Adding Textures Globally.
We’re now going to take a closer look at how to add a simple texture globally (affects the entire image).
In the video examples I’ve photographed an old A4 envelope and used it as my texture (a scanner would also do the job).
Experimenting and playing around with your own textures will give your work an individual style others will find hard to imitate.
To Colour or not to Colour your image?
Textures can add colour to your image unless you desaturate them.
If you have worked hard on getting your colours right in an image you will probably prefer to desaturate your texture before adding it to your image.
Another point to note is that good contrast between the blacks and whites will show up better; if your texture looks quite washed out and flat when you desaturate it, play around with a levels or contrast adjustment layer then either save as a jpeg and give your texture a name or create a visible stamp layer and drag that over to your image.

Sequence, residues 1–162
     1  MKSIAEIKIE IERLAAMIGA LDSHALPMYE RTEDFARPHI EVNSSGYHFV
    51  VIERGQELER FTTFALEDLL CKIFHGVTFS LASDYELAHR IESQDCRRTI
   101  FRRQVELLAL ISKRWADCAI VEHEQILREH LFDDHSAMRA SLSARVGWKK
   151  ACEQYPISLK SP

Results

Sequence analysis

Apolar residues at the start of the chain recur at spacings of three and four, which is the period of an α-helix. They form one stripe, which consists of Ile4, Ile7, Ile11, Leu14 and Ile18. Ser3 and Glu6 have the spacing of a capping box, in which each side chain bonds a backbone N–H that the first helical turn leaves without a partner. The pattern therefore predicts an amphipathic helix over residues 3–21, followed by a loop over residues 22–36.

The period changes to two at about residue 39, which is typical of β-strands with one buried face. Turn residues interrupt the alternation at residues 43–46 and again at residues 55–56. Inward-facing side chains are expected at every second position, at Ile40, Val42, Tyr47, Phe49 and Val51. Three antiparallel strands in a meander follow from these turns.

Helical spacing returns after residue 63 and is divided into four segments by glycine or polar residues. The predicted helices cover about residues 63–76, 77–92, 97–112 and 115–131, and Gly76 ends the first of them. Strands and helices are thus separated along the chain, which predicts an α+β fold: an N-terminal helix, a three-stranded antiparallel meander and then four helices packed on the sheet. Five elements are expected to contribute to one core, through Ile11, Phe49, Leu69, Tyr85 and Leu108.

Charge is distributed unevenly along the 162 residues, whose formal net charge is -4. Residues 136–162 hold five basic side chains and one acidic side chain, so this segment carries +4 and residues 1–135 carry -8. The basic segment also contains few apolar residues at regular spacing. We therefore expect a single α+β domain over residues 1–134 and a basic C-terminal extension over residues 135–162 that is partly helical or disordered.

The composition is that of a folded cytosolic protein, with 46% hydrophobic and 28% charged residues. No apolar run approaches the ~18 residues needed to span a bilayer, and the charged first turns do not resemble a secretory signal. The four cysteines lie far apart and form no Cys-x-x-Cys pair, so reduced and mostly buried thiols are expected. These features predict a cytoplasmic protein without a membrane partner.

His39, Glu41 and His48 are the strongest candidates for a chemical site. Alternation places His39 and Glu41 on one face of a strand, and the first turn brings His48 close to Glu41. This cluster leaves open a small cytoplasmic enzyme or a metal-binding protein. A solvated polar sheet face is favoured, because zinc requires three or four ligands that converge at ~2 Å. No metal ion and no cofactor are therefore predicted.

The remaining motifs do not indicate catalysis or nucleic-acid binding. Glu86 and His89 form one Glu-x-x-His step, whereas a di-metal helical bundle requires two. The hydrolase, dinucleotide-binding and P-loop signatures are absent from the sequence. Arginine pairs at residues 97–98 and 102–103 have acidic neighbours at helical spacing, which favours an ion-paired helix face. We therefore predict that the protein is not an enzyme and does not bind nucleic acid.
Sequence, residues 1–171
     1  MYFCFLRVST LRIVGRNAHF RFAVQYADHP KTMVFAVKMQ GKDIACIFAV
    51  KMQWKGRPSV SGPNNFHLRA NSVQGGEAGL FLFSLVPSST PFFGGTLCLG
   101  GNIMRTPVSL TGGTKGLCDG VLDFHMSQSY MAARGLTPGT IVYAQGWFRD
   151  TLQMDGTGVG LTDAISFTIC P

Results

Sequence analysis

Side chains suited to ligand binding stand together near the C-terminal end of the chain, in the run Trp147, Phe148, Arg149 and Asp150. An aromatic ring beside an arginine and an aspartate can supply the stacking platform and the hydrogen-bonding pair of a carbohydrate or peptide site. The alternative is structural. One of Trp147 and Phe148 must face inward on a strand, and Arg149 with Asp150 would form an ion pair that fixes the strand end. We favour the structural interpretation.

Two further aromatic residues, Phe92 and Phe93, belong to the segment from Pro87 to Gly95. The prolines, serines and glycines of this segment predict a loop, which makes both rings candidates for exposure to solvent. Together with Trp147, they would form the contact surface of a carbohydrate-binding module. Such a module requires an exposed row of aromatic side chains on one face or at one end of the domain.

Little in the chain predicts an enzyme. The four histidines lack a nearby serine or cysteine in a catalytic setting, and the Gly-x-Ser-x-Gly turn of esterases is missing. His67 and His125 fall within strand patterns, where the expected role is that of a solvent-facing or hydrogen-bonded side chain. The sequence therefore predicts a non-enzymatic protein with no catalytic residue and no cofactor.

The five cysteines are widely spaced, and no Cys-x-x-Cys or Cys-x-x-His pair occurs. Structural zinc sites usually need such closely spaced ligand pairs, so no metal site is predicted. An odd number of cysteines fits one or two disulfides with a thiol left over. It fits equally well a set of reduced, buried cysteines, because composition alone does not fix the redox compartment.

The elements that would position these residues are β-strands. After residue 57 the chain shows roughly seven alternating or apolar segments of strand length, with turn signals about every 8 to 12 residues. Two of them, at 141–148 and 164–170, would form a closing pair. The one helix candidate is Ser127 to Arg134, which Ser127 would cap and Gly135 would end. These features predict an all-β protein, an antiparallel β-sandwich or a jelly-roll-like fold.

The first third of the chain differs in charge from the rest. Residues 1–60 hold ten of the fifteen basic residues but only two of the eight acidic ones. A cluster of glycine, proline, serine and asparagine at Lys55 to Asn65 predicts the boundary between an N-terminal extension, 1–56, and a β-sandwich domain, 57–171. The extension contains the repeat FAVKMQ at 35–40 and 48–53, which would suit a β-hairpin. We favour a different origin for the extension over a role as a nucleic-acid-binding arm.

Blend Mode & Opacity
When you add a texture layer it will have a Normal blend mode set at 100% Opacity. The texture will completely hide your image with this setting.
So you will need to cycle through the blend modes to see how the texture interacts with your image.
You will also need to reduce the opacity of your texture layer so you can see your image underneath.
Try adding a saturated texture to your image and see how it also affects the colours.
Now we’ve played around with adding a texture over an entire image (globally), part three will cover using layer masks to apply/remove texture in specific areas (locally).